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Positive Psychology Models

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“All models are wrong, but some are useful.” Statistician George Box

Dr. Martin Seligman and Dr. Mihaly Csikszentmihalyi (2000) state that the purpose of positive psychology as to “articulate a vision of the good life that is empirically sound while being understandable and attractive.” The original framework they described in 2000 had three pillars: positive experience, positive traits, and positive institutions. Positive experience comprised positive emotions and subjective well-being. Positive traits included character strengths and virtues. Positive institutions included “civic virtues and the institutions that move individuals toward better citizenship.”

Seligman has also described the life well-lived as a combination of three lives — experiencing positive emotions regularly along with skills of amplifying those emotions (the pleasant life), experiencing a high level of engagement in satisfying activities (the engaged life), and using ones strengths in service of a greater whole (the meaningful life).

Dr. Martin Seligman ExplainingMore recently in an address to the 2007 Global Well-Being Forum, Seligman argued that these frameworks are not broad enough to cover all the elements of the life well-lived. In particular, he chose to add positive relationships and positive accomplishments as elements that people pursue even when they don’t bring other elements. For example, he stated that people pursue accomplishment even in the absence of pleasure, engagement or meaning.

Mihaly CsikszentmihalyiIn the discussion that followed, Csikszentmihalyi agreed that science advances by constantly updating models and assumptions and that positive psychology needs to pay more attention to the expression of one’s best self through action.

The top-level image map for the life well lived incorporates elements from both of the original three-part models as well as the two new elements.

This image map is just a tool for understanding and finding one’s way around, not something etched in stone. As we move forward and learn more, our models will keep changing to reflect our growing understanding.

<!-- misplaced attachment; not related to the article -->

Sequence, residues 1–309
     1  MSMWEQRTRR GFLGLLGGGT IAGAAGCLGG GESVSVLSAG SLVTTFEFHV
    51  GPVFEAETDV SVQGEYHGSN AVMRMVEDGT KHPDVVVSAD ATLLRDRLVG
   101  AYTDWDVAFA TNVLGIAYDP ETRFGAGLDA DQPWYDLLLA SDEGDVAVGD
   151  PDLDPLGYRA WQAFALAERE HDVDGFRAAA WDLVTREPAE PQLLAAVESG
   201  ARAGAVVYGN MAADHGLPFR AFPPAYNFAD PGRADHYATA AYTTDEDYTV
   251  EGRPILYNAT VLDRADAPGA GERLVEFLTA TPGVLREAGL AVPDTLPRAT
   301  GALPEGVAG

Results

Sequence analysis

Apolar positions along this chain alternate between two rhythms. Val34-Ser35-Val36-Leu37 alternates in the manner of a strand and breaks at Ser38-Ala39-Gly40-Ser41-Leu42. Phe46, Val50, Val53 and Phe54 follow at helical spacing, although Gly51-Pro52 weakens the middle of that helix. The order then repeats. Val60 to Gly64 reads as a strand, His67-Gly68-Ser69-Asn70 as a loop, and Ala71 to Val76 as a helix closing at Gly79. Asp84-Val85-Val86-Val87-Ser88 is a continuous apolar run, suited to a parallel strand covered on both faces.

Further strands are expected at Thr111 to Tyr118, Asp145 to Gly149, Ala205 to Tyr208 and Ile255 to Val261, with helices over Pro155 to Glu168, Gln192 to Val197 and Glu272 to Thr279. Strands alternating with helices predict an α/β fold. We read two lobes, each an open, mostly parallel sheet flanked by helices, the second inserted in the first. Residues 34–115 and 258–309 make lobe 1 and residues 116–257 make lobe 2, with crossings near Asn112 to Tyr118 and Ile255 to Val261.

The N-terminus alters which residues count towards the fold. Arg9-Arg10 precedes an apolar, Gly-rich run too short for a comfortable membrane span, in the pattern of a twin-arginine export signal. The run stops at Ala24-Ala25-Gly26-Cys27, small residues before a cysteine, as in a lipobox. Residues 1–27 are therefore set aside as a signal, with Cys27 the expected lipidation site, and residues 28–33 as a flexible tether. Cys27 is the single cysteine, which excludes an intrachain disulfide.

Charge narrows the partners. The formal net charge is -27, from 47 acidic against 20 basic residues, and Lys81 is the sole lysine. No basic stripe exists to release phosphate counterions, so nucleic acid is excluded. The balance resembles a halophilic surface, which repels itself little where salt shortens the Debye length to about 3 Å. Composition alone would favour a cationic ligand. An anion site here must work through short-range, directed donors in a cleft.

PPND Articles that Address Positive Psychology Models
By Jordan Silberman:Positive Psychology in the Media: One Ninth of the Field
By Kathryn Britton:Giving Gifts
By Aren Cohen:Passages and Positive PsychologyThe Minding Life
By Rosie Milner:Aristotle versus Aristuppus: Were they both right?
By Senia Maymin:Report from the 2007 AI Conference: Cooperrider, Buckingham, SeligmanWhat is Positive Psychology?
By John Yeager:Sports: A Vehicle for Happiness

Boniwell, I. (2006). Positive psychology in a nutshell. London: Personal Well-being Centre.  
Ed Diener face
Ed Diener

Robert Biswas-Diener
Diener, E. & Biswas-Diener, R. (2008). Happiness: Unlocking the mysteries of psychological wealth.To be released in September 2008.  

Shelly Gable
Gable, S. & Haidt, J. (2005). What (and why) is positive psychology?. American Psychologist, 9, 103-110. Available here.
Jon Haidt
Chris Peterson
Chris Peterson
Peterson, C., Park, N., & Seligman, M. (2005). Orientations to happiness and life satisfaction: The full life versus the empty life. Journal of Happiness Studies, 6, 25-41. Nansook Park
Nansook Park
Chris Peterson
Chris Peterson
Peterson, C. (2006). A primer in positive psychology. Oxford, UK: Oxford University Press.

The primer is a broad exploration of positive psychology in its many manifestations.

Paul Rozin
Rozin, P. (2007). Exploring the landscape of modern academic psychology: Finding and filling the holes. American Psychologist, 62, 754-766.  
Martin Seligman
Martin Seligman
Seligman, M. E. P. & Csikszentmihalyi, M. (2000). Positive psychology: An introduction.. American Psychologist, 55, 5-14.. Available here. Mihaly Csikszentmihalyi
Mihaly Csikszentmihalyi
Martin Seligman
Martin Seligman
Seligman, M. E. P. (2002). Authentic happiness. New York: Free Press.

The whole book is built around ways to amplify The Pleasant Life, The Engaged Life, and The Meaningful Life.Page 249 has a short description of the three together.

Martin Seligman
Martin Seligman
YouTube of Dr Seligman: Why is Psychology Good?

Psychology should be

  • just as concerned with strength as with weakness,
  • just as interested in building the best things in life as repairing the worst
  • just as concerned with making the lives of normal people fulfilling and with nurturing high talent as with fixing pathology.

Life Well-Lived Image Map

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